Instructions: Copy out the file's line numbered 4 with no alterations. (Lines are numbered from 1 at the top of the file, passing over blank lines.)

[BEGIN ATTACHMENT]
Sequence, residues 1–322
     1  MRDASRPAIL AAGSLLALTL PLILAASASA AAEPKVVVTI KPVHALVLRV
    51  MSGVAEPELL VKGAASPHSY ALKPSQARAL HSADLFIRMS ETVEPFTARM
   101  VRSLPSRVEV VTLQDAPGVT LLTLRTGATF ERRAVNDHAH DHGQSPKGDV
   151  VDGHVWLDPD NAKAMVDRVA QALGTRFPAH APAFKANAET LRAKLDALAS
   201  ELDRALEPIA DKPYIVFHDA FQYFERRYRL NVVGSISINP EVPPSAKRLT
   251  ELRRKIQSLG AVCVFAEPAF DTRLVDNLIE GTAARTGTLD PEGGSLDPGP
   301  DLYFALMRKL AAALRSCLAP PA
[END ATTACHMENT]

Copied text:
   101  VRSLPSRVEV VTLQDAPGVT LLTLRTGATF ERRAVNDHAH DHGQSPKGDV